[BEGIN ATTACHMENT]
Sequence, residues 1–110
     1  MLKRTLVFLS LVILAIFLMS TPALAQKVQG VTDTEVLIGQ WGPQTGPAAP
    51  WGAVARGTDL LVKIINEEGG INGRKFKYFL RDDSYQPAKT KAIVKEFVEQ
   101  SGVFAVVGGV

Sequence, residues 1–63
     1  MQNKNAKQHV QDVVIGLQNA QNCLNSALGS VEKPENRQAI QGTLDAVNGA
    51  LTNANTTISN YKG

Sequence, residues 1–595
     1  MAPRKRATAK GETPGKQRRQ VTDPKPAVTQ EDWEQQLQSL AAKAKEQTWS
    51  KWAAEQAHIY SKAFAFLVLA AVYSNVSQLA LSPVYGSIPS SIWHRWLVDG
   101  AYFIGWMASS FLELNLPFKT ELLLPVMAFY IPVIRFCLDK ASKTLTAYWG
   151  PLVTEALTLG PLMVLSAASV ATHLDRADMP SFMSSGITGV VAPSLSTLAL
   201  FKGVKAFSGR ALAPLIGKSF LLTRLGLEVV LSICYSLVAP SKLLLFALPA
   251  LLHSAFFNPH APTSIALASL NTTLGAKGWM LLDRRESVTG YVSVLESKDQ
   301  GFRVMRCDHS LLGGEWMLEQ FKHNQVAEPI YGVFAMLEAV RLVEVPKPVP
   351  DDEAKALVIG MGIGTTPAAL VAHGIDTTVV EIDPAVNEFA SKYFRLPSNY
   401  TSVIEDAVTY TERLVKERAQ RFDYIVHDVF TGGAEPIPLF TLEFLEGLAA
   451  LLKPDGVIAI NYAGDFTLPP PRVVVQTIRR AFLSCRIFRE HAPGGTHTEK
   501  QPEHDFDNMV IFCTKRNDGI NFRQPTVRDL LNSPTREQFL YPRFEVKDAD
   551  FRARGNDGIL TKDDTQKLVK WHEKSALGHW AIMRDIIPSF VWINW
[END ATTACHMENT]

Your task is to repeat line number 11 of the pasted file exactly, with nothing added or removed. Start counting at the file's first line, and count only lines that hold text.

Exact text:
   101  AYFIGWMASS FLELNLPFKT ELLLPVMAFY IPVIRFCLDK ASKTLTAYWG